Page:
I was using the Office Customization Wizard to deploy a MST file for Office 2010 – pretty staight forward – it had some settings in there for for creating Outlook user profiles. It was working without problem. Then I added the Office 2010 Service Pack 1 MSP files to the Upgrade folder (slipstreaming). After this, the Outlook profile settings were no longer applied when a new install was done – whether they were defined setting in the OCT GUI or whether it was a PRF. It turns out that this is a known bug in Service Pack 1 for Office 2010 – see http://support.microsoft.com/kb/2590591. My solution was to use the ‘Automatically configure profile based on Active Directory Primary SMTP address’ setting and leave the Outlook profile setting section blank.
I use a maximum of one Google Ad per post to help offset some of my blog hosting costs.
I saw this issue again today. Outlook 2007 & 2010 were prompting for username and password at startup and randomly during use.
I’ve used this fix a couple of times now. In IIS Manager navigate to the website that contains your Exchange Virtual Directories (In Exchange 2007 this is Default website, in SBS2008 this is SBS Web Applications)
In turn highlight the following Virtual Directories:
Once highlighted select Authentication, right click on Windows Authentication and select Advanced Settings and put a check in the enable kernel-mode authentication. Do this for each directory.
Careful as when upgrading to Exchange 2007 Service Pack 3, it reset the setting on 2 of the 4 directories, so these needed to be set back to enable kernel-mode authentication.
There are a number of ways for users to have photos in Lync 2010 but my preference is to store them in Active Directory because they can then be reused by Sharepoint, Exchange / Outlook and other applications.
This is a quick post about the easiest and cheapest way I have found to do this. I’m assuming that you already have your user photos.
Firstly, obtain and install Picture Resizer from here. I used the following options “-o -f96x96 -q100”. This meant that I can easily right-click on a user photo and have it resized to 96 x 96 while maintaining photo quality. This still results in image size reduction, which we are aiming to have well under 30KB to avoid bloating the AD database.
Next, install a piece of software by a guy named OliD that extends the Active Directory Users and Computers MMC with two tabs on the user properties page – from here. Read the installation instructions can be found in the .zip file.
Once installed you will have a Photo tab in ADUC. Select your newly resized photos and add them to to the thumbnail section.
This task should be very simple and easy to navigate but for some reason in Outlook 2010 it is not user friendly. To export your RSS feed in Outlook 2010, you need to click on File, then Open and then Import! Yes, that’s right, to export you need to click on import!
I recently made the choice to move my email hosting to Google Apps after having several bad experiences with my previous email hosting provider.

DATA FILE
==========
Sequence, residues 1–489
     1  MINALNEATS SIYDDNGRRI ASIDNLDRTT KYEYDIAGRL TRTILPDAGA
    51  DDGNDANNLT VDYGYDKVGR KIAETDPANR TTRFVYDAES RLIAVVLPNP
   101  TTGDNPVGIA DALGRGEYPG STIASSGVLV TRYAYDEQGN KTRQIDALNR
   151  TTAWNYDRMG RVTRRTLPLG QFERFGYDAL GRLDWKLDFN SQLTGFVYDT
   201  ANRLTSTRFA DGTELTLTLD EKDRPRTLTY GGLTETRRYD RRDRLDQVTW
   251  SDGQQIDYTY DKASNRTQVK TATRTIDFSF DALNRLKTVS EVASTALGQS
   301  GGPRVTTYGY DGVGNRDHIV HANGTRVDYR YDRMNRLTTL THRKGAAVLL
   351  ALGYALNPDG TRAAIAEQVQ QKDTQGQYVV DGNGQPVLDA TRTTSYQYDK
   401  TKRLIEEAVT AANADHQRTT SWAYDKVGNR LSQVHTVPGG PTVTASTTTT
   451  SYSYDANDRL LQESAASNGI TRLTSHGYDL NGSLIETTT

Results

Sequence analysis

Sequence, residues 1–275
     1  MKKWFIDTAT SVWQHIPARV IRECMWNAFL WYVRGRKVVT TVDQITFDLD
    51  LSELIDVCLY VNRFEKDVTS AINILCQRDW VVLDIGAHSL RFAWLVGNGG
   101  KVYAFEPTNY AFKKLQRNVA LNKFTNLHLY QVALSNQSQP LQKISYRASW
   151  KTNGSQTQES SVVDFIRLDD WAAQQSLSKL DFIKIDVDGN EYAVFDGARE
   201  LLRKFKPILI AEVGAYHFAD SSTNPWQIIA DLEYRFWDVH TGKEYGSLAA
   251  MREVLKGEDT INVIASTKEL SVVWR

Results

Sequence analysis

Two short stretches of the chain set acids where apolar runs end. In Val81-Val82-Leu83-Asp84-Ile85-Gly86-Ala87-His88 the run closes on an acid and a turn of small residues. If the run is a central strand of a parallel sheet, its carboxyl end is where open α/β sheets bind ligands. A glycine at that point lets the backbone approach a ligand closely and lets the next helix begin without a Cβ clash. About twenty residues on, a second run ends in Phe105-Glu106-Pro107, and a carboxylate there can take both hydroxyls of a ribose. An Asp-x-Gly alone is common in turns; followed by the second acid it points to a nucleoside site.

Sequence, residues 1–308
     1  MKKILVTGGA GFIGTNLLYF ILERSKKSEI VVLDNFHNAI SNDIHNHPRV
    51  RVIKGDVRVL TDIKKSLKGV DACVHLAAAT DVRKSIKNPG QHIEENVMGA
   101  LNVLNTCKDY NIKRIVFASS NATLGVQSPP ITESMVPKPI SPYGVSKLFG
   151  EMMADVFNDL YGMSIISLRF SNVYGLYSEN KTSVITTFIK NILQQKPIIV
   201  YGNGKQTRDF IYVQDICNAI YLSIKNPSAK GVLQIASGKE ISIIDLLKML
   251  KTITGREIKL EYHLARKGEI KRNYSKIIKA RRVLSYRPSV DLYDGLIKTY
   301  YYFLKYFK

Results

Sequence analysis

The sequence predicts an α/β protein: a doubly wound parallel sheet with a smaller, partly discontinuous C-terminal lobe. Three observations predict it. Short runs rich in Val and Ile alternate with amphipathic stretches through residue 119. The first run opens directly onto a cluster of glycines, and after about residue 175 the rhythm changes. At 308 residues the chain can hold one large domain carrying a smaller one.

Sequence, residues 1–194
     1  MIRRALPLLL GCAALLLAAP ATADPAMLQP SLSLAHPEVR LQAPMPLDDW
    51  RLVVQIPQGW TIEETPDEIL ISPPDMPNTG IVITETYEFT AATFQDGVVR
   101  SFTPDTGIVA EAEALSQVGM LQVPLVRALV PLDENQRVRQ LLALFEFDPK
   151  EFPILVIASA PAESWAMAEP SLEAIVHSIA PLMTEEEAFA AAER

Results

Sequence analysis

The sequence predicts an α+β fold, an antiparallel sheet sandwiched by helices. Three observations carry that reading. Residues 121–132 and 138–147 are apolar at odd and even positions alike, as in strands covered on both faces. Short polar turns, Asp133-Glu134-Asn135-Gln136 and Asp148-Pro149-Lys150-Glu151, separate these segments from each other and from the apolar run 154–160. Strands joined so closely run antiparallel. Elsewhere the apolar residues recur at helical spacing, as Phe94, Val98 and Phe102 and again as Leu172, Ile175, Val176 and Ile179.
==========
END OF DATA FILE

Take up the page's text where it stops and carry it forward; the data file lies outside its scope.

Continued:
I decided to use the ‘free’ Standard Edition which seemed to meet my requirements. It was a surprising easy transition which involved the following steps:
Verify domain ownership – this required me to upload a small file to my www.danovich.com.au website to provide that I had ownership of the domain
Create accounts – using the Google Apps web interface, I created new accounts for all users using danovich.com.au
Google Email Uploader – I used this fantastic tool to upload all of my email from my existing Outlook PST file. It was a very easy to use tool and can be stopped and started as needed. My Outlook emails then started to appear in the Google Apps web interface. It also preserved information such as sent dates and sender/recipient data, as well as the folder structure used by Outlook.
Change MX DNS records – I updated the domain MX records to point to the Google servers, which also provided many more entries than previous hosting company, giving an added level of comfort
Imported my Outlook calendar into Google Apps
So far I’ve found Google Apps to have a fantastic web interface and I’ve also configured an IMAP connection so that I can still use the feature of Outlook if required. I’m really enjoying the powerful search within Google Apps as well as the web-based Offline mode provided by Gears. I still have access to all of my old emails throught a single interface and not a single email was lost for any users during the transition.
The only negative thing I have found so far is that with the web-based version of Google Apps, you cannot set a default font for when you compose an email, which can be quite frustrating.
I now gain the benefits of hosting email for free with a company like Google, which give me many connectivity options and allows for almost unlimited customization. Overall, this was a very painless experience and I would highly recommend it as a solution to anyone having issues with email hosting.